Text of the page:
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Writings of Albert Morris
Article 50 - Farewell to blissful days a-wheel on heaven-sent country roads

ONCE, when I was a trainee reporter and had hardly a slice of oxymoron to my name or a crust of onomatopoeia to mumble over, I had the joy of seeing my first journalistic report in print. Headed, "No-lights Cyclist Fined £1", it told, in rolling Gibbonesque sentences, the scandalous story of one J Feenie (26), resident in the Central Edinburgh constituency, who, as a practising pedallist, confessed his guilt before a sternly-reproving bailie at Edinburgh Burgh Court.

I treasured that paragraphal jewel, not only because of its syntactic perfection but, also, because I was, myself, a biker, who took the stern and narrow path of cycling morality, whose machine had a lamp beam, bright as a nunís conscience, and had a deep-toned, handlebar bell that sounded as if summoning sinners to repentance.

From my Clackmannanshire tweed jacket, a substitute for a hair shirt, to my backsliding-resistant grey flannels and rectitudinous cycle-clips, I saw myself, although only 14 when I began my ventures a-wheel, as a naturally-sculpted representation of unswerving pedalling probity and road-using dignity.

Bliss was it to be a town cyclist in these traffic-reduced, Second World War days, but to be on almost empty country roads was very heaven. As strange-sounding places with far-away names like Peebles, Quothquan and Lamancha fell to my conquering wheels, I met other cycling rovers. In a flurry of whirling pedals, flashing spokes and in a comradely chain reaction, we saluted each other with cheerful waves and wobbles.

Then, I had a warm regard for these push-bike pilgrims in law-abiding progress. I thought them friendly, well-balanced citizens, the nationís steely backbone, as vital to Britainís health as a John Bull puncture repair outfit was to a saddlebag. Not now; a growing number of cyclists, in my generally irritat-ed and sometimes horrified experience, have fallen from grace and seem unable to see the error of their ways. Reckless, rude and arrogant, they appear to believe they are above the law, display little or no roadcraft or consideration for pedestrians or motorists.

Cycle saddles may cause impotence in males, but they have not stopped bikers from being as active as tropical flies. The other day I nearly swatted one. Motoring on the one-way system of Holyrood Parkís Queenís Drive, I saw, on a blind bend, a cyclist, head down, full-tilt, speeding towards me like a bat heading for hell. I braked, the cyclist swerved onto the pavement and a pedestrian leapt aside for his life. The cyclist continued on his way and displayed the predictable V-sign. A growing number of bikers use that road, similarly suicidal.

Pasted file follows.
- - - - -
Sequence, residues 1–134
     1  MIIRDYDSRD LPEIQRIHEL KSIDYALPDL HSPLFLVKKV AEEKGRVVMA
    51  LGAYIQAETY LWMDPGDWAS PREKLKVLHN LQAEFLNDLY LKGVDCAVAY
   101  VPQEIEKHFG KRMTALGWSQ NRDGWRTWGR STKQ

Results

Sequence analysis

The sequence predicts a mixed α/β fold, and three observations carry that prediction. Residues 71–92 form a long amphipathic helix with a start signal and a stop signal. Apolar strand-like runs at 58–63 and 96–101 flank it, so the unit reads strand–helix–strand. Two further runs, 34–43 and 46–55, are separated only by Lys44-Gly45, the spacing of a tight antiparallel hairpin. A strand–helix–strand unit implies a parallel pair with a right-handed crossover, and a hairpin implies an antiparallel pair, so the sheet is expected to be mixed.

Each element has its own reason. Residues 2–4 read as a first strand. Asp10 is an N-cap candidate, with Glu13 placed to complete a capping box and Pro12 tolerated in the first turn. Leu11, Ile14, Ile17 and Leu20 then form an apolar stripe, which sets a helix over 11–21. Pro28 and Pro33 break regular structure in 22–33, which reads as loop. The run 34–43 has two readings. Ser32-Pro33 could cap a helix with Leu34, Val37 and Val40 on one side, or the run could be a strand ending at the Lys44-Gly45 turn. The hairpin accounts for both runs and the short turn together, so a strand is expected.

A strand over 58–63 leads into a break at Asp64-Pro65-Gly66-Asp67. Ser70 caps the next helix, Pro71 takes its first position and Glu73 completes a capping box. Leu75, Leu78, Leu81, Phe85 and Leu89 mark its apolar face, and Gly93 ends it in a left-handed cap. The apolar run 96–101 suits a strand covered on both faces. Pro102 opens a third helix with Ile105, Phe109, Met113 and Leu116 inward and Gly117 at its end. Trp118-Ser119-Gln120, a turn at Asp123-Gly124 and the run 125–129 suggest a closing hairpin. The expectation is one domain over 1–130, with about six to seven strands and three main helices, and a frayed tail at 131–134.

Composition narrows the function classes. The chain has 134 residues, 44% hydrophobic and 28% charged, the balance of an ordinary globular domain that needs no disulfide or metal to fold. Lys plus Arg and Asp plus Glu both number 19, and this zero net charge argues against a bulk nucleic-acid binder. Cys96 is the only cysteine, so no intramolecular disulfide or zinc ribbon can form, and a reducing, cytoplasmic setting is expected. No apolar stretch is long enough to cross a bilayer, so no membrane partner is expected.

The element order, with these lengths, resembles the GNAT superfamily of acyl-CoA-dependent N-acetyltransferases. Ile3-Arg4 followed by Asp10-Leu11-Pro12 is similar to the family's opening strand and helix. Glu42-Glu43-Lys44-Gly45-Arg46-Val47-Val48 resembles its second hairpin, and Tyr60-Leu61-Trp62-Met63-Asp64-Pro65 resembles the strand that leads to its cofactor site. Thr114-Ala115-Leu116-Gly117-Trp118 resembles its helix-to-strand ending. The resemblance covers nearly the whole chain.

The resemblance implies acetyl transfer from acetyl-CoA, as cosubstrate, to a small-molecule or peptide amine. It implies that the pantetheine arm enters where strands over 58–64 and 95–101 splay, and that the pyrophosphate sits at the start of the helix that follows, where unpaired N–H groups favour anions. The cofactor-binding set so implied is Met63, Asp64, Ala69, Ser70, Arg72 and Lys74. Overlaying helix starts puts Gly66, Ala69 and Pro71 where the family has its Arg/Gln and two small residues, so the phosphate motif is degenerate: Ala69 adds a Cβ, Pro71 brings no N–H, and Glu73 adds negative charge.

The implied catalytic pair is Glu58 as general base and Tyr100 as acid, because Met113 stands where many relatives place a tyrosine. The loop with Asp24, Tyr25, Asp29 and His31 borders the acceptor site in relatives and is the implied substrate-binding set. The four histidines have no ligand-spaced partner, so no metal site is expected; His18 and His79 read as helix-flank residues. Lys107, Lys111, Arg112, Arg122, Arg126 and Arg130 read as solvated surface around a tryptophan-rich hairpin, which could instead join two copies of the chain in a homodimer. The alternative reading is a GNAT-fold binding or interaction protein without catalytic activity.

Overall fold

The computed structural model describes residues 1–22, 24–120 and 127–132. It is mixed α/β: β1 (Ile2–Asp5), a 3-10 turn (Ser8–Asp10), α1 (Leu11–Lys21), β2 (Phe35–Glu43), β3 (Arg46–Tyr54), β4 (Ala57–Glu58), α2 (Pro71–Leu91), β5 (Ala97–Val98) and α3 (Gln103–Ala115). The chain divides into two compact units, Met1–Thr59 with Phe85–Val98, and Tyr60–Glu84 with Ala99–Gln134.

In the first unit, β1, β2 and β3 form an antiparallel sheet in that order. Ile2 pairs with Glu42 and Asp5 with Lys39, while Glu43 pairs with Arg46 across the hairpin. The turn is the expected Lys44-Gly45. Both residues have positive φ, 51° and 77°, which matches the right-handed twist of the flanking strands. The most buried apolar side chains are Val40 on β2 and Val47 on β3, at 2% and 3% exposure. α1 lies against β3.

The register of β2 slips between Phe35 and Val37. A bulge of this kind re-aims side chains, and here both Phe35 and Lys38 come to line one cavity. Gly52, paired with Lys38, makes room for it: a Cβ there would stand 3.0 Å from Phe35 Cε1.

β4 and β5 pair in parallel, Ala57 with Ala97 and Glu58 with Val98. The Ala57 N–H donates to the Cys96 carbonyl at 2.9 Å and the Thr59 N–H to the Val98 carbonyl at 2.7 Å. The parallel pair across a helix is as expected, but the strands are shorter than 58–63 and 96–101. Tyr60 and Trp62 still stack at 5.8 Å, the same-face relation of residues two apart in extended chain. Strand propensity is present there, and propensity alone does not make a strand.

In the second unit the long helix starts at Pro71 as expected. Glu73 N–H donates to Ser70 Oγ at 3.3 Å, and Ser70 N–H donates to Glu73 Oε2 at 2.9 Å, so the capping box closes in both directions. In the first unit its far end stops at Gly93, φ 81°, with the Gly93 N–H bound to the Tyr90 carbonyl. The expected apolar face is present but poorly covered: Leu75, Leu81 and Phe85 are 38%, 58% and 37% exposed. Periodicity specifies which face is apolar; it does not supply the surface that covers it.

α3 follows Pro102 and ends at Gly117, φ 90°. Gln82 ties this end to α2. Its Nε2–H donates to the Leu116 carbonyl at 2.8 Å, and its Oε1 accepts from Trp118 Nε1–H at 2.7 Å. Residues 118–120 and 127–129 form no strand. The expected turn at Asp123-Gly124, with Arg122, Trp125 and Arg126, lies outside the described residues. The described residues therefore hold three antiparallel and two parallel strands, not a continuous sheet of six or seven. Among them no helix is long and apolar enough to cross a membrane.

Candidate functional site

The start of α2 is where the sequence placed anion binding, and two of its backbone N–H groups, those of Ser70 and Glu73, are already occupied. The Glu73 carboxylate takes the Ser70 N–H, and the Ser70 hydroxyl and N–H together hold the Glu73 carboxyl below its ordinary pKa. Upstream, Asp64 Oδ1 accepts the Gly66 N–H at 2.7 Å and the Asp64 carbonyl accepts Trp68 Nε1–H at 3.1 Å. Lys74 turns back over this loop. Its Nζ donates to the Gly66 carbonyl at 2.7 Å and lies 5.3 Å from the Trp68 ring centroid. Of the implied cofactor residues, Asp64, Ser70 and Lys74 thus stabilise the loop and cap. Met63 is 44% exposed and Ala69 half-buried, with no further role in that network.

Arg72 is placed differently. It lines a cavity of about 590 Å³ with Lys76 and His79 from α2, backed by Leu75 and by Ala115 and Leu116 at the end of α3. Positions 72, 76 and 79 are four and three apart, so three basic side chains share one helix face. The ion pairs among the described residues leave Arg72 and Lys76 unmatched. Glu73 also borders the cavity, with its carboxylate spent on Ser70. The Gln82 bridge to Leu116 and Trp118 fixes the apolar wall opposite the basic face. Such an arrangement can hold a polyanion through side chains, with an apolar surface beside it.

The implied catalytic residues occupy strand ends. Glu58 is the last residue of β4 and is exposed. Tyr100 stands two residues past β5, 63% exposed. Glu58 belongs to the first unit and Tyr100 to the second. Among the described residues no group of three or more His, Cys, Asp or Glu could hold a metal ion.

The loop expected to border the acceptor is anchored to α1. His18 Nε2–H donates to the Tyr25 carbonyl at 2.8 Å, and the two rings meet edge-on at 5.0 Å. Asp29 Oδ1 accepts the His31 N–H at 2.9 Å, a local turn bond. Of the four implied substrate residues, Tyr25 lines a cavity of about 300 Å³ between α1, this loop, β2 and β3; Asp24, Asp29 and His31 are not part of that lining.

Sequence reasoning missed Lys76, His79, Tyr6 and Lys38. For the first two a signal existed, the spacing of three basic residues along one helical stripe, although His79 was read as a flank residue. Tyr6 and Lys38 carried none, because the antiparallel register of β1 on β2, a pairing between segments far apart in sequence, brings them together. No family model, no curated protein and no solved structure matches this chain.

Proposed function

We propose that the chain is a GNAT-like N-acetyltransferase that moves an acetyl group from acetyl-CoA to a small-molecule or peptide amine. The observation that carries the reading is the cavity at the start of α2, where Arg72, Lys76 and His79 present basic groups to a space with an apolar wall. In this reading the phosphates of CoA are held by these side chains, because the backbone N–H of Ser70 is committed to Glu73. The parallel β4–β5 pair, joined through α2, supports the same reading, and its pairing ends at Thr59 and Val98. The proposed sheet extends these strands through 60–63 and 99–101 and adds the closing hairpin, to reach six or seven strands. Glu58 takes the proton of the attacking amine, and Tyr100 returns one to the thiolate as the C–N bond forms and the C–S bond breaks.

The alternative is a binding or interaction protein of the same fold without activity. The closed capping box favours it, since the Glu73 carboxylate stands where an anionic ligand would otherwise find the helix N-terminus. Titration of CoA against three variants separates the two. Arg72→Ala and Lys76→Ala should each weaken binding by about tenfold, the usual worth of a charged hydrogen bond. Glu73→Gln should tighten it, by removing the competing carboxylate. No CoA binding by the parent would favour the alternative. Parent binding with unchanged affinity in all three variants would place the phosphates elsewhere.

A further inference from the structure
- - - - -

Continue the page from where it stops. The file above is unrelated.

All over Britain, which has around ten million bicycle owners, careless and courtesy-free cyclists are adding to danger on roads caused by madcap, en-raged and arrogant motorists. According to research by the RAC Foundation, Britainís cyclists are the worst offenders at traffic lights. Up to half of all cyclists observed at lights, ignore stop signals, compared with one in five bus drivers and one in ten motorists.

They also blithely transgress against the law and the canons of the good book, The Highway Code, by cycling on pavements, ignoring one-way street signs, performing spectacular and lunatic U-turns in front of on-coming traffic, using pedestrian crossings on the wheel, performing ludicrous balancing acts while - rarely in my experience - stopping at red traffic lights and pulling out from behind parked cars without looking behind them to assess the traffic mainstream, apparently relying on the skills of motorists to keep them safe.

There are many courteous and skilled cyclists, but all too often our perilous traffic paths are made more hazardous by so-called "lycra louts" who are generally regarded with resignation by the public because bikes are seen as eco-friendly, convenient and space-saving vehicles.

The RAC wants cyclists prosecuted who fail to stop at red lights and fined up to the maximum of £2,500. As a former cyclist who still values the vulnerable lives of the biking brethren, I not only want of-fenders fined but also forced to take part in some government re-education programme to make them see the light of road craft, commonsense and courtesy.

The other night, I nearly ran into the back of a cyclist who showed no lights. I wish I could have written a pungent paragraph about him. I had, as it were, come the full cycle.

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